Elections, leading to democracy, are of course the centerpiece of the Bush Administration's policy in Iraq. Universal, equal voting has indeed become the only real source of legitimacy in the western world during the last two centuries, and remains one of the United States' greatest gifts to civilization. Yet the rich and varied history of democracy, both in the United States and elsewhere, shows that elections only contribute to true freedom and social peace within the context of an enduring consensus on fundamental questions and mutual respect across ethnic and regional lines. When consensus fails, elections merely reveal the extent of division with a society and can pave the way for civil war or the disintegration of the state. Meanwhile, developments both in the United States and Iraq are raising another question: how can an Administration promote true democracy abroad while trying to undermine it at home?
Nowadays, when the idea of the unstoppable, continuous advance of democracy has become conventional wisdom, we forget that its spread during the twentieth century, even in Europe, has been distinctly uneven. In the wake of the First World War all the new or enlarged states of Eastern Europe--Poland, the three Baltic states, Czechoslovakia, Hungary, Austria, Romania, Yugoslavia, Greece, and Bulgaria--began as democracies, but by the mid-1930s nearly all of them were under some form of military or authoritarian rule. (The same shift, of course, occurred in Italy in 1922 and Germany in 1933.) The case of Czechoslovakia, a state composed mainly of Czechs, Slovaks and Germans, was especially tragic and especially revealing. Originally the new state organized multi-ethnic political parties based upon economic principles or upon religion, but a revival of German nationalism during the 1930s had a dramatic effect. In 1935 the neo-Nazi Sudeten German Party, led by Konrad Henlein, swept the elections in the German districts, and began agitating for autonomy. Hitler adopted their cause in 1937-38 and used it to bring about the break-up of Czechoslovakia at the Munich crisis. The election of 1935, in short, had proven that the Sudeten Germans, as they were called, no longer wanted to live in a unified Czechoslovak state, and the international community accepted that verdict.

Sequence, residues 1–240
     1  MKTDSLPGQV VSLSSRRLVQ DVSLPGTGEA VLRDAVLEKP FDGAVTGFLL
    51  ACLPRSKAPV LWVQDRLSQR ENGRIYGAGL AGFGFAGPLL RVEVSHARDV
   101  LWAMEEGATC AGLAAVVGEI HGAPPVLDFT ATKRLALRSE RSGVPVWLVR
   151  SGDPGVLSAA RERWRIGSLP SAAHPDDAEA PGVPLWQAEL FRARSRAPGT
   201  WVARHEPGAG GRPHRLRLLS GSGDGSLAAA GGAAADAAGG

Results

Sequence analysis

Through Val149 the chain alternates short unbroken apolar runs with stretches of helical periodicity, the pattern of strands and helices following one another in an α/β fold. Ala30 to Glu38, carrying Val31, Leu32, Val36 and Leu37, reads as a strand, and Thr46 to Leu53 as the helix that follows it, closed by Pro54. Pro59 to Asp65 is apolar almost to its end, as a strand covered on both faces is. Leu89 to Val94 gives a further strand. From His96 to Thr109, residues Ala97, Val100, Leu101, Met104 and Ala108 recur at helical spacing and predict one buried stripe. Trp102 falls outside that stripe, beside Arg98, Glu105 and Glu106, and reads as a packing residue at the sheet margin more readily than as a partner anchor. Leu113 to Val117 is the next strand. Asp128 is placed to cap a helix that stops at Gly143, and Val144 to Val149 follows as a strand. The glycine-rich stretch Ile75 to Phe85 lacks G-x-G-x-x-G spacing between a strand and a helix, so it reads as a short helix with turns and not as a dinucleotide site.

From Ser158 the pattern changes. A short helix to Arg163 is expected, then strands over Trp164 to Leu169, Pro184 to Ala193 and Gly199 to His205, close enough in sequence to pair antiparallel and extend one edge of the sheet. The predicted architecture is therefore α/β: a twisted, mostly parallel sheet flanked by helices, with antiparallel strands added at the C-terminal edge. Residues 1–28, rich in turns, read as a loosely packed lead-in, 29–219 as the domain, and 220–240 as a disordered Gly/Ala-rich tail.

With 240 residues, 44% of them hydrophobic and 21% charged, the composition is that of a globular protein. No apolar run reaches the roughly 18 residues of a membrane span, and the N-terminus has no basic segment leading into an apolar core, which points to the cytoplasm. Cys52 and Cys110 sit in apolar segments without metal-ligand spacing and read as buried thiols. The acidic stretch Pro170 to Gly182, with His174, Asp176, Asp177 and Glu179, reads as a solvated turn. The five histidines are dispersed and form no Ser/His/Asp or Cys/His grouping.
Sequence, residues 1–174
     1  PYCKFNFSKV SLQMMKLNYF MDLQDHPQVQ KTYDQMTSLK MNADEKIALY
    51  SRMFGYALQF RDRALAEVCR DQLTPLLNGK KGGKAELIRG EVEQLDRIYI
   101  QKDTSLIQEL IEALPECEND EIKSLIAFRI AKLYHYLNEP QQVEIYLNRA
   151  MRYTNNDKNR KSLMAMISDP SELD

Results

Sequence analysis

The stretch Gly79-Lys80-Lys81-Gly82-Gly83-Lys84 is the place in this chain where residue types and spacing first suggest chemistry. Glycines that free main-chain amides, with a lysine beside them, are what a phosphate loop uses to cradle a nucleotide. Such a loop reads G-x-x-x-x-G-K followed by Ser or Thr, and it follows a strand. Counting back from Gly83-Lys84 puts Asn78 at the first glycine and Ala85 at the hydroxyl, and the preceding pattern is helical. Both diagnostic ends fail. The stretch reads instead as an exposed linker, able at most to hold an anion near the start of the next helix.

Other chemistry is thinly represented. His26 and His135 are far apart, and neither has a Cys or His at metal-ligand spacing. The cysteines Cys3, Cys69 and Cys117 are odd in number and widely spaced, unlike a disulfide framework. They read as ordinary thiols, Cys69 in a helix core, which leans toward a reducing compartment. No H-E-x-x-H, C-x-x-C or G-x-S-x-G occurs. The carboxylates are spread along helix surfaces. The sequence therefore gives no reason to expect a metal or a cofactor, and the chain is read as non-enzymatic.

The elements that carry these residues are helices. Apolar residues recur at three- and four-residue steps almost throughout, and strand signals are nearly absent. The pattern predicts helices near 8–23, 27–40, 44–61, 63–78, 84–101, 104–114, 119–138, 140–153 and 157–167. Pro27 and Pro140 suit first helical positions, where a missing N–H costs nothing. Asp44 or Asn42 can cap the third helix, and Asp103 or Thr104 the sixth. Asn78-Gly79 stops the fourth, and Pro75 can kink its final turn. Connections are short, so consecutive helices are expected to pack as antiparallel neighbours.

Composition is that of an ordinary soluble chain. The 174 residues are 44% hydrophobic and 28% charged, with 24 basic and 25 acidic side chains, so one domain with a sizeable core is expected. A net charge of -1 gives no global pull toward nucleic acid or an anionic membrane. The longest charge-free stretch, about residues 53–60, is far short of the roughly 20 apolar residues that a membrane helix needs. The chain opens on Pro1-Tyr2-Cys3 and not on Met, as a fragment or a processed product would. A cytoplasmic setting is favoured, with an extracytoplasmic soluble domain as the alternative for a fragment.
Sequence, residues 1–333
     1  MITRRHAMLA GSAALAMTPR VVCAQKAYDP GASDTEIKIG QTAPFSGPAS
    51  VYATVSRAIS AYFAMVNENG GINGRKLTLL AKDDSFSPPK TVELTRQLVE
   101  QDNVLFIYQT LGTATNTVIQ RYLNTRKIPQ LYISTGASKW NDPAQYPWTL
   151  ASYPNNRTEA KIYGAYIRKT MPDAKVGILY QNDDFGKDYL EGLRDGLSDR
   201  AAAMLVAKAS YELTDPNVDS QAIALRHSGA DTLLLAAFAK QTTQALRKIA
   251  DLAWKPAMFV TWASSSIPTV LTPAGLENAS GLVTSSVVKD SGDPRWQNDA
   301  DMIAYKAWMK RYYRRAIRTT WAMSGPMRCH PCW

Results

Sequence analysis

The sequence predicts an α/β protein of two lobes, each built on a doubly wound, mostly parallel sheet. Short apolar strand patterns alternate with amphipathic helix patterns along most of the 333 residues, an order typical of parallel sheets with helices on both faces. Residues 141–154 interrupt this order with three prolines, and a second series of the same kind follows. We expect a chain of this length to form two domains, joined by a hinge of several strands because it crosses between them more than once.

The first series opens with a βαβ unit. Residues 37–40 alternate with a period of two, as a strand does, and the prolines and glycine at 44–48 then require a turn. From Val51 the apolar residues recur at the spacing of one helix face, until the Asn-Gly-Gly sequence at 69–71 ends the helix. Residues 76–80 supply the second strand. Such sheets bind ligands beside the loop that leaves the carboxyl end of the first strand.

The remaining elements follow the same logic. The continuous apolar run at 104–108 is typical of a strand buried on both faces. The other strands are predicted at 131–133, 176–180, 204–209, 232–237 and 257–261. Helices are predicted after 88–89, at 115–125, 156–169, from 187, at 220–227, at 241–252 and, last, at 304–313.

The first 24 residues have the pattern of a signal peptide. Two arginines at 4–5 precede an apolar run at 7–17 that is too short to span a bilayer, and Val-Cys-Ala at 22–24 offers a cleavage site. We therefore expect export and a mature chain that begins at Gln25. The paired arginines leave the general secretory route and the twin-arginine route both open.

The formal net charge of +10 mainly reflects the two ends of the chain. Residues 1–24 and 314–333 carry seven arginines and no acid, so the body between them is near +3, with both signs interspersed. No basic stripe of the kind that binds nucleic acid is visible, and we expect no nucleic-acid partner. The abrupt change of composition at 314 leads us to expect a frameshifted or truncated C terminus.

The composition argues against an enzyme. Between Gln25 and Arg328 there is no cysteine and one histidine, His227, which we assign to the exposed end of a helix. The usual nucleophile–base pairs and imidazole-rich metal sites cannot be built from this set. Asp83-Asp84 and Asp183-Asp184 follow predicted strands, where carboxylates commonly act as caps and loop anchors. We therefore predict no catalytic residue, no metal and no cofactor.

The story of the break-up of Czechoslovakia in 1938 and its subsequent history, together with developments in other parts of Europe through the twentieth century and continuing until today, is a sober reminder of a great failure of western civilization: our inability to devise political systems or ideologies that will enable members of different ethnic and religious groups to live together indefinitely in peace. (My book, Politics and War, discusses this at length.) When Nazi Germany fell in 1945, the Czechs convinced the Soviets and the western powers to put Czechoslovakia back together--but they also secured permission to expel the three million Sudeten Germans as punishment, in effect, for having broken the state up. (The displacement of more than ten million Germans from territory that was given to Poland and the Soviet Union in 1945, and from various Eastern European countries as well, was one of the greatest acts of ethnic cleansing in history.) And when in the early 1990s Czechoslovakia threw off the Soviet yoke, it became apparent that the Slovaks had never become accustomed to Czech domination either, and the belief of those who in the 1930s had argued that the state was a purely artificial construction was in effect borne out. The same thing happened, of course, at far greater human cost, in Yugoslavia.